Nagaland Power sector requires an estimated Rs. 69cr for 2018-19

  • 9.8cr was the fund allocation in 2017-18

  • Revenue collection sees slight improvement

Imkong Walling
Dimapur | April 18

Dwindling Nagaland State Plan (Budget) allocation to the power sector in Nagaland has remained a consistent trend over the past one decade. From an allocation of Rs.124cr in 2008-09, the arrow on the allocation graph has only curved downwards year after year touching a low of Rs.7cr in 2015-16.  

It curved upwards a wee bit the next year (2016-17) to touch Rs.12cr, only to fall to Rs. 9.8cr in the just ended 2017-18 financial year.  

For the ensuing 2018-19 financial year, the department has proposed a “budget estimate” of Rs. 69.1cr as the requirement.  

Officials of the Department of Power Nagaland (Nagaland) when queried as to the response of the government to the projected requirement replied it would depend on the magnanimity of the government.  

The department had projected a requirement of Rs. 140cr in 2015-16, while the total allocation at the end of the budget year stood at Rs. 7cr. The total allocation for 2016-17 was Rs.12cr against a projected requirement of Rs. 265cr. (for older records read  

The estimated requirement in 2017-18 was surprisingly Rs. 8cr and the year ended with a total allocation of Rs. 9.8cr.  

The plunge from Rs. 265cr to Rs. 8cr in requirement from the previous year was attributed to Central schemes. The Restructured Accelerated Power Development and Reforms Programme (R-APDRP) and the subsequent Integrated Power Development Scheme (IPDS) have been two Central programmes that have extended much needed life support into the state’s ailing power sector. The R-APDRP began implementation in 2016, while the latter made a delayed start in January 2018.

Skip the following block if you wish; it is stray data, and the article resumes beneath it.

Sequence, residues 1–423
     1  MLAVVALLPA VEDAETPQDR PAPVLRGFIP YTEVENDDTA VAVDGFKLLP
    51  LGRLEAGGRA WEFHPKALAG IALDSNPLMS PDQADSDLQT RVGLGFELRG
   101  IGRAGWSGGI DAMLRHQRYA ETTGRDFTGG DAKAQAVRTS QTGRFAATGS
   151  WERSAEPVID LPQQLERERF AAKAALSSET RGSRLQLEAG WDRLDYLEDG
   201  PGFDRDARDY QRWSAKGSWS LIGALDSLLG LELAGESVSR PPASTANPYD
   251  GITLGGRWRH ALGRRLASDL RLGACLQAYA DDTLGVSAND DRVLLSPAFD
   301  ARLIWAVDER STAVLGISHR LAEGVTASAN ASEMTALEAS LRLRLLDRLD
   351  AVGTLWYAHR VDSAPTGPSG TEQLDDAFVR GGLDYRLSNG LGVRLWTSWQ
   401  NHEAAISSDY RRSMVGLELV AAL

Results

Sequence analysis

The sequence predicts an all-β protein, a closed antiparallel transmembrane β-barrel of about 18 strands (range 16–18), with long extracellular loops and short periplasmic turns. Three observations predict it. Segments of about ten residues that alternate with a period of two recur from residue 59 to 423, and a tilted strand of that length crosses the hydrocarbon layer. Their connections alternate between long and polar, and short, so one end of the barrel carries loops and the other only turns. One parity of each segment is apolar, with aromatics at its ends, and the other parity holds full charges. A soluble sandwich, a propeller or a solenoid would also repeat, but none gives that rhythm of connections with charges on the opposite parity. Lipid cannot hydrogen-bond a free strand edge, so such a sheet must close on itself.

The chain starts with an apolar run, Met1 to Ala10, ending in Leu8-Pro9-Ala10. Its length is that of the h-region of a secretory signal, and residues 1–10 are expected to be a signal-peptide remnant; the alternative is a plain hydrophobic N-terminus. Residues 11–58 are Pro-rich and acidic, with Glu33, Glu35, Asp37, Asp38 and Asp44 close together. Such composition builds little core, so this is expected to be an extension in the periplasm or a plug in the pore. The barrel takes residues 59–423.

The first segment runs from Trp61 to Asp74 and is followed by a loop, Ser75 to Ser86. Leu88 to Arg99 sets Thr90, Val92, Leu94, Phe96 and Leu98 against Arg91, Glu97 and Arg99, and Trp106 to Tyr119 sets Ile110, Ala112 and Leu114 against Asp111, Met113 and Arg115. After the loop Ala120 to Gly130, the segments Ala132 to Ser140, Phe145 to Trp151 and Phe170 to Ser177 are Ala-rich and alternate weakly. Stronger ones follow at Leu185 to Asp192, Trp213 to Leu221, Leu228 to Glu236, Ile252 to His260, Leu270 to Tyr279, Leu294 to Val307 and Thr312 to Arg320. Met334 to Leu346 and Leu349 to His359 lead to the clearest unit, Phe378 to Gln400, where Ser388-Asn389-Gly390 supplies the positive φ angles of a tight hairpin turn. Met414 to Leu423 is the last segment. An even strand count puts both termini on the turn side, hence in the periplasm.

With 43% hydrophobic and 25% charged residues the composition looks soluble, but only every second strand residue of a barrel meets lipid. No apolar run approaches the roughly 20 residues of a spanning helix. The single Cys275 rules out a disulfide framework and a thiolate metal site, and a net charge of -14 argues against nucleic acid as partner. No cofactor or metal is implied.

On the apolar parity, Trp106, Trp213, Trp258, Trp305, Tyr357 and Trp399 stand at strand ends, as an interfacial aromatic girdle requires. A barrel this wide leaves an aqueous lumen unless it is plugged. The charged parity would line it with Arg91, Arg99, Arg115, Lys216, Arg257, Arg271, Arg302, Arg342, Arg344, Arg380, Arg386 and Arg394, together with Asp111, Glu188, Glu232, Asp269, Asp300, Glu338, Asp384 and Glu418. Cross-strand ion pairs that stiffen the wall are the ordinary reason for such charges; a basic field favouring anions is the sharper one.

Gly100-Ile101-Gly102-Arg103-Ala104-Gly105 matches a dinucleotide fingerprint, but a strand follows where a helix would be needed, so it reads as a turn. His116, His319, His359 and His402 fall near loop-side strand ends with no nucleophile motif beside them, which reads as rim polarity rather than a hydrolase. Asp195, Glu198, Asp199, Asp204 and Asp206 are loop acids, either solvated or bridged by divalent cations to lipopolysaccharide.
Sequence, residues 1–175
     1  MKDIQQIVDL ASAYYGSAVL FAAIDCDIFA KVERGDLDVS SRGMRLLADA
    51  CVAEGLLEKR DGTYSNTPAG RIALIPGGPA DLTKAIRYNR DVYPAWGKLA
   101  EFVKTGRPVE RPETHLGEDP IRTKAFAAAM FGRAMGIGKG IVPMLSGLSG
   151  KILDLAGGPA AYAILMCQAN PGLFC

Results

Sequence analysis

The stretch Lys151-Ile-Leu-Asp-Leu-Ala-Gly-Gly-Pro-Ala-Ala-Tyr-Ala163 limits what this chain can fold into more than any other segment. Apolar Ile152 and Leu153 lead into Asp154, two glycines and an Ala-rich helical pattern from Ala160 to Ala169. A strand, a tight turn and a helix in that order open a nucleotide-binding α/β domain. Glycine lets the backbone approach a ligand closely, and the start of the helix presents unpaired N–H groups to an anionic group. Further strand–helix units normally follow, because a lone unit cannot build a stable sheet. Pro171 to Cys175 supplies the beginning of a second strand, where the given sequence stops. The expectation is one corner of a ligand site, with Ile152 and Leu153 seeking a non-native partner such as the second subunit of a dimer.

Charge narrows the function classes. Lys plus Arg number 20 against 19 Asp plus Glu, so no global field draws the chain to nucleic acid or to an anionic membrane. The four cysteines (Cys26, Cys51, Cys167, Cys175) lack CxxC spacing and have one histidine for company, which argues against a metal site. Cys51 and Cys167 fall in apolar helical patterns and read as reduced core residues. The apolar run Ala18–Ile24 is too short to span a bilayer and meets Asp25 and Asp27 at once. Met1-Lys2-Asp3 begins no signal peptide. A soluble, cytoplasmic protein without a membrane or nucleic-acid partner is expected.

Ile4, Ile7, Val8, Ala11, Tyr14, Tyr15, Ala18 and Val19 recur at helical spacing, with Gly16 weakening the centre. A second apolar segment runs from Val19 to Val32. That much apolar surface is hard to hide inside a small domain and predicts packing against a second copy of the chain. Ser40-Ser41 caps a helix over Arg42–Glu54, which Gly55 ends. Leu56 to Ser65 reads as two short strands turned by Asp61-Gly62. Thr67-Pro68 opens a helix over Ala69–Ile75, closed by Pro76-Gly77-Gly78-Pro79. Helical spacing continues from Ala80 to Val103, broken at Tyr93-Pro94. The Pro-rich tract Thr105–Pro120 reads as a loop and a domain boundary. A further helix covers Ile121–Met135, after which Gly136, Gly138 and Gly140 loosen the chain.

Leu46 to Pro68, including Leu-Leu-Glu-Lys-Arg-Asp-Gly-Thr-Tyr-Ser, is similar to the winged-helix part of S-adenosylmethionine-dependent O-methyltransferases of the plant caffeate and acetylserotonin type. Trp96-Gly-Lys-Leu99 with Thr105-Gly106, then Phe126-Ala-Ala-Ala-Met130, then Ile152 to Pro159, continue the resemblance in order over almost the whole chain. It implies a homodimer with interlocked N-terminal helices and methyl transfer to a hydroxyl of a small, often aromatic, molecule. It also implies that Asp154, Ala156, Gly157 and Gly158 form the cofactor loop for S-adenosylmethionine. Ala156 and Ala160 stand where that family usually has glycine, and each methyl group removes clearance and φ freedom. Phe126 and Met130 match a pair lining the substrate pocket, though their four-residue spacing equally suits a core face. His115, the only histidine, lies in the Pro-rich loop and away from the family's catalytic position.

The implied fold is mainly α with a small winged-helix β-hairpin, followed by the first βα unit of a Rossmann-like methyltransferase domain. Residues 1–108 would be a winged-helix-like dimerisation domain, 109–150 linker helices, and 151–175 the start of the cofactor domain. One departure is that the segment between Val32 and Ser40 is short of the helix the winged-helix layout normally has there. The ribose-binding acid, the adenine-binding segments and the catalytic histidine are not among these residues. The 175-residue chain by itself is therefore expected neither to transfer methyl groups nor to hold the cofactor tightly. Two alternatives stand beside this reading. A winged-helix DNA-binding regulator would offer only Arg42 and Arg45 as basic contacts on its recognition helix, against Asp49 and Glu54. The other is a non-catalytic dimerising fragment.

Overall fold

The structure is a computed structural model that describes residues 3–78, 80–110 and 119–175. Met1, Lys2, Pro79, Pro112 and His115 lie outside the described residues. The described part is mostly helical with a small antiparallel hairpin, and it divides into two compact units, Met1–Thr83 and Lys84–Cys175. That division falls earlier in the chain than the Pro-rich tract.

Discounting the Centre’s aid, state government finance has remained essentially negligible at the cost heavy wear and tear on the electricity distribution infrastructure.  

According to DoPN officials, the neglect by the government over the years has translated into soaring operational and maintenance costs as demand increases. Department officials over the years have maintained that if the state government continues to ignore the power sector, a time would come when routine maintenance would run into hundreds of crores and damage incurred irreversible.  

A similar tone was echoed higher up in the bureaucratic hierarchy when the Commissioner & Secretary, Power, speaking at a DoPN programme at Chumukedima in August 2017 described the power sector as the most neglected in the state in terms of annual budgetary allocation.   As for the government’s response, the power sector did not feature much in the Budget session which concluded in March. The CM was though reported as stating that transmission infrastructure for power supply to Kohima, Dimapur and Peren districts will be more stable.  

While the electricity scenario overall has been bleak, the revenue collection segment has witnessed as slight improvement. As per the records, the state spent approximately Rs. 282cr in power purchase during 2017-18 to return with a revenue collection of Rs. 116.4cr. “If we factor in the collection from power trading, the total touches Rs. 129cr,” commented one official.  

In 2016-17, the purchase cost was approximately Rs.281cr and the return was Rs.112cr, inclusive of revenue from power trading. In 2015-16, the purchase cost stood at Rs. 249cr with a collection of Rs.112.7cr. (for older records )  

The slight improvement happened to coincide with the implementation of the R-APDRP with an official commenting, “The introduction of online payment (besides others that came with the package) could be a factor.” Further, the official said that the department have made it a point to publicise defaulters-list, which also includes many government departments and undertakings. (